“I don’t want to upset him, like the white fragility thing. But then I also don’t want to avoid upsetting him because he’s a white guy.”
Ming was pondering a choice to make, about how to respond to a friend’s request that was racially inappropriate.
“Yeah, I hear ya,” I said. “But you don’t have to say it like he’s bad–you don’t want to be all attacking him, or shaming him. You could just say it like–when you did such-and-such, I had this experience.”
“Yeah,” Ming said.
“We’re supposed to be anti-racist. Not just sitting around feeling unracist, but to actually do stuff,” I said.
“Right,” Ming said. “I know!”
“So I think you should talk to him!”
“Yeah, me too. Because silence is…”
“Silence is death,” I said.
“No, I meant…supporting the status quo.”
“Silence is the language of the oppressor?” I asked.
“Well, Latin is the language of the status quo,” Ming said.
I was really impressed by this exchange. Advanced wordplay, my dear. I hugged him for a long time in the kitchen, happy to love this vibrant, brilliant person.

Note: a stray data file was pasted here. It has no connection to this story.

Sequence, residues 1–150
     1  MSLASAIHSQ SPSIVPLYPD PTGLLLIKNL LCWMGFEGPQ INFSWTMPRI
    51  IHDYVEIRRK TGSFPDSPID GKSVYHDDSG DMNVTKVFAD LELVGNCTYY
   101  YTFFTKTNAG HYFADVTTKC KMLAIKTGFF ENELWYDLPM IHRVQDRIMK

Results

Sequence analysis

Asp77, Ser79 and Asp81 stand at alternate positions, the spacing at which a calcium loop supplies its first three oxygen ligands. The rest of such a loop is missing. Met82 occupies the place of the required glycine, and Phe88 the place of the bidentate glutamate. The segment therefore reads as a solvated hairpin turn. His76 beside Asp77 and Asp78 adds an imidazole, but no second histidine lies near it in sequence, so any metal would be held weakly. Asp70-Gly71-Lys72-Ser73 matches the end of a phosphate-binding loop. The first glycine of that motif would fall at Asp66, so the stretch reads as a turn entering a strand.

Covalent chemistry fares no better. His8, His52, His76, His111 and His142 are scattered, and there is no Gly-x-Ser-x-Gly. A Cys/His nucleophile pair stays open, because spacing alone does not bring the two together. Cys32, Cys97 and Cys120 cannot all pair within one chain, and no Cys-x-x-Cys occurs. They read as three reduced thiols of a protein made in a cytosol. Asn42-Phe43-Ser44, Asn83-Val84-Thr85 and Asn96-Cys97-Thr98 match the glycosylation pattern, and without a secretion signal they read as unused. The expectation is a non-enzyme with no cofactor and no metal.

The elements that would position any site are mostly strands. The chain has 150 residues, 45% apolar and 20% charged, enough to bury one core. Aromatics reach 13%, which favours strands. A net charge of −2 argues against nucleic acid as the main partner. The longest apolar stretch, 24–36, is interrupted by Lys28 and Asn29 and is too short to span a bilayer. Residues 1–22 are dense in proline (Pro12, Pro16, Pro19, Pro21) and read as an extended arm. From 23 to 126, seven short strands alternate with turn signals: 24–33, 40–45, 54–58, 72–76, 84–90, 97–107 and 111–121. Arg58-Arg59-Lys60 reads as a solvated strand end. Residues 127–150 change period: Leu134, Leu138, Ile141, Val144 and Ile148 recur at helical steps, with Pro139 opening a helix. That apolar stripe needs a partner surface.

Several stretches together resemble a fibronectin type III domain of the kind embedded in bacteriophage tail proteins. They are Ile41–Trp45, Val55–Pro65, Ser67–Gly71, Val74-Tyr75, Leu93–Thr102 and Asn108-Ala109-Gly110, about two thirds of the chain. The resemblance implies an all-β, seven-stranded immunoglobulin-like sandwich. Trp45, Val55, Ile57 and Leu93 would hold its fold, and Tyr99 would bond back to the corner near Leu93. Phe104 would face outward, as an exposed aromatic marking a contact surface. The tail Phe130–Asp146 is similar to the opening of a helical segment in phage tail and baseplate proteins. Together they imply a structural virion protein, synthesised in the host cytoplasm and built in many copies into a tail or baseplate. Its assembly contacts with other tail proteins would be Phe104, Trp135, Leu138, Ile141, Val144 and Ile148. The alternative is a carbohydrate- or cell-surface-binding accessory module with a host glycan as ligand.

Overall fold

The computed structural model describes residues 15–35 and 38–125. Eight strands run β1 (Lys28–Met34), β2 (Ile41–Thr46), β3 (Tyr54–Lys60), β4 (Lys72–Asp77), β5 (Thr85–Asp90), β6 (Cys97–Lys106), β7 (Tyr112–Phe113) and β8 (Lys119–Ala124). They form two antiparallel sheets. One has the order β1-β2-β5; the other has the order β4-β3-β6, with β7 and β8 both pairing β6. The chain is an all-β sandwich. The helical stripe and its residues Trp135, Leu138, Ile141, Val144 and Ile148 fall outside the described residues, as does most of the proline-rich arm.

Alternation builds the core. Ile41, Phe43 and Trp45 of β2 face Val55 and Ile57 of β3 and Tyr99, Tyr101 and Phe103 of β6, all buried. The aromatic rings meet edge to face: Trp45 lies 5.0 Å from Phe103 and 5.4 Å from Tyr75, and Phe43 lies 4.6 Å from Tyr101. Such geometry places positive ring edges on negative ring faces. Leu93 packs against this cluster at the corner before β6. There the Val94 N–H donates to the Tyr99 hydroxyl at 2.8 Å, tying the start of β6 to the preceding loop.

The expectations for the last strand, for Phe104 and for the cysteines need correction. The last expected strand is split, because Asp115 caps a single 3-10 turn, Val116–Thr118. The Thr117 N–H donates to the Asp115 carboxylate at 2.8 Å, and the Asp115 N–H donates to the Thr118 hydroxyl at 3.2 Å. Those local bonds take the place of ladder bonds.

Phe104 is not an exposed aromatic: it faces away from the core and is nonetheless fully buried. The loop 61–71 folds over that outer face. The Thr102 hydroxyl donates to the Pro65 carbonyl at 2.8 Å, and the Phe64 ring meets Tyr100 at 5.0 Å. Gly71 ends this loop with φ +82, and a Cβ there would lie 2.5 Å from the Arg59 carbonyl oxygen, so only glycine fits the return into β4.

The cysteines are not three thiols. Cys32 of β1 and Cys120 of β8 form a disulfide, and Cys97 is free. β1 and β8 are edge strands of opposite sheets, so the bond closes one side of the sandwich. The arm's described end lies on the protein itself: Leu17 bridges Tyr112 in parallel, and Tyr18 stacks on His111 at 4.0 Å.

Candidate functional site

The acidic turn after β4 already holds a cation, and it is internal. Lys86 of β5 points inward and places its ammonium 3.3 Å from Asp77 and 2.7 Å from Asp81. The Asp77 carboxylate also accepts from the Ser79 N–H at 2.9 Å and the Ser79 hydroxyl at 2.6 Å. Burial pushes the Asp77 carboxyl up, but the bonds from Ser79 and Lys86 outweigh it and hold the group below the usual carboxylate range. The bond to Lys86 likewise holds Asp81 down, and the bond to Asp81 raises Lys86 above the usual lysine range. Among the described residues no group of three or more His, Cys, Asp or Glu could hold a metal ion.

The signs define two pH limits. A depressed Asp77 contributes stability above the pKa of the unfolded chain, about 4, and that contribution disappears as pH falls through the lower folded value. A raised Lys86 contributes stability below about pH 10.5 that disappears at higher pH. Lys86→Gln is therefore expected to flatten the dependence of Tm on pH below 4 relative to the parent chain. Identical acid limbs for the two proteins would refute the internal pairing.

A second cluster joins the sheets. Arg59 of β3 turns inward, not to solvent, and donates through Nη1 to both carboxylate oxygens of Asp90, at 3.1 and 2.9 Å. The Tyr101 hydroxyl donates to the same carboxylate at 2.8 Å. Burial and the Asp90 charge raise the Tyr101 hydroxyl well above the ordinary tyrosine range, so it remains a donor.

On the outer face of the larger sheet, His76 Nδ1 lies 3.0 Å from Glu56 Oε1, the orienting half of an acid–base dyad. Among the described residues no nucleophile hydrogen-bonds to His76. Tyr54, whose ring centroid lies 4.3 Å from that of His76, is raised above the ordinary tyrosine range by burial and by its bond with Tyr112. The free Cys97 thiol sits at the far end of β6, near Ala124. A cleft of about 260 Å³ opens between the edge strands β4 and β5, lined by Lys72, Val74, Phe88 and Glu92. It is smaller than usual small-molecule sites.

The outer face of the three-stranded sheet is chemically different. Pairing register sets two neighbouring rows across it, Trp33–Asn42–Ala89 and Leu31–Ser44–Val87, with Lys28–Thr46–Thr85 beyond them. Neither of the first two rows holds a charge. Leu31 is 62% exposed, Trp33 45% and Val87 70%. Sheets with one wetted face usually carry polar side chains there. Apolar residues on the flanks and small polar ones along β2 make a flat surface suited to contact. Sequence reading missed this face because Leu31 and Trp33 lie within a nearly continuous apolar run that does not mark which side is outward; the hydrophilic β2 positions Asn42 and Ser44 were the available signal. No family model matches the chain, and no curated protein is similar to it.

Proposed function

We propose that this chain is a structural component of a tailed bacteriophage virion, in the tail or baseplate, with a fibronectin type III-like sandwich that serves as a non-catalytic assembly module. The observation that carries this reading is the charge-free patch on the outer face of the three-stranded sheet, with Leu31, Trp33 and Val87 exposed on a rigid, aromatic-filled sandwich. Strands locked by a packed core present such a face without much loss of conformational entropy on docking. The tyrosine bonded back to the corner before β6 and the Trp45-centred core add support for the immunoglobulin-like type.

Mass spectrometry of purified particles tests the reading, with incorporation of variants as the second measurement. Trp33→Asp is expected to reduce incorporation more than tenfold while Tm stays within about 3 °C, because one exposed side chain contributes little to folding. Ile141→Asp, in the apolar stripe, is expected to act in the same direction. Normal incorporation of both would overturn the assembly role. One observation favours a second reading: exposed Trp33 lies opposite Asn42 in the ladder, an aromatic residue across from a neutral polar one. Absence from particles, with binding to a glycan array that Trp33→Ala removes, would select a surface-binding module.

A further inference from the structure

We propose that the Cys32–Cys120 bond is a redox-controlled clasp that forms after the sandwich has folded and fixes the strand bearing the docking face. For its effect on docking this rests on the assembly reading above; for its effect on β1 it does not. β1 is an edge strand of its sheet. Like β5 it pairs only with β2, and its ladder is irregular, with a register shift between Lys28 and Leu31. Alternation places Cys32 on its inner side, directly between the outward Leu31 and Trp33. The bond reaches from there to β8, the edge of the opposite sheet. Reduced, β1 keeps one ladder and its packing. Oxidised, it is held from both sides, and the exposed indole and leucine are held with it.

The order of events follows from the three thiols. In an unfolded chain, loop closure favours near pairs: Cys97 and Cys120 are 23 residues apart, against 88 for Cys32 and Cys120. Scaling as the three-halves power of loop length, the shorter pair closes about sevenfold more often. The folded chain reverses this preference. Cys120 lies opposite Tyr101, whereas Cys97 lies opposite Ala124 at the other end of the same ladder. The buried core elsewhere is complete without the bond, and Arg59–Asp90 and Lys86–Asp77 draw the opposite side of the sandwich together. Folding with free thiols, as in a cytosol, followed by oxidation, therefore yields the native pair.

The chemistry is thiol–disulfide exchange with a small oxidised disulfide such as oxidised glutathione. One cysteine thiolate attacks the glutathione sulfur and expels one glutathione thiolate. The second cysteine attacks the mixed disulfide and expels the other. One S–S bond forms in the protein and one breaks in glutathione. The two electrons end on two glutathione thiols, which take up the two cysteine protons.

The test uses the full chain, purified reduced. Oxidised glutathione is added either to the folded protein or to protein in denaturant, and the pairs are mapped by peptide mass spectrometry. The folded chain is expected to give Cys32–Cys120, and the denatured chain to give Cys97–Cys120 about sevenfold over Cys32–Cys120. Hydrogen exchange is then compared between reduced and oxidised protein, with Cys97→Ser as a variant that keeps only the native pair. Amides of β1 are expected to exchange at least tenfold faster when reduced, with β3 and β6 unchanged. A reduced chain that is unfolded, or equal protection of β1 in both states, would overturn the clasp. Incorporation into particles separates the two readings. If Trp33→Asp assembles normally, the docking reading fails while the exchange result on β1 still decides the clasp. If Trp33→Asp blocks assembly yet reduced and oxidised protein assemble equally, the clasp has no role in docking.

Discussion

Later our friend was coming by, so she and Ming could go up Mt Charleston to do some cleanup with Fifth Sun. I’d made beans in the morning, and Ming and I were out in the courtyard, waiting for our friend to show up.
I was holding my friend’s serving of beans that I was giving to her without her expecting it. Gift beans. I put tahini, pepper, and garlic salt. The beans were northern beans, with a little onion and salt. I’d slightly mashed them up.
It was getting too hot for me, and I felt silly that I was outside. I guess we were excited. But I was saying goodbye to him, going inside, leaving the beans with Ming.
“Are those beans oppressing you?” I asked.
“Yes,” he said.
“Ok,” I said. “Should I bring them in with me?”
“No,” he said. “They’re impressing me. Not oppressing me.”
“Don’t spill the beans,” I said. The bowl was tipping.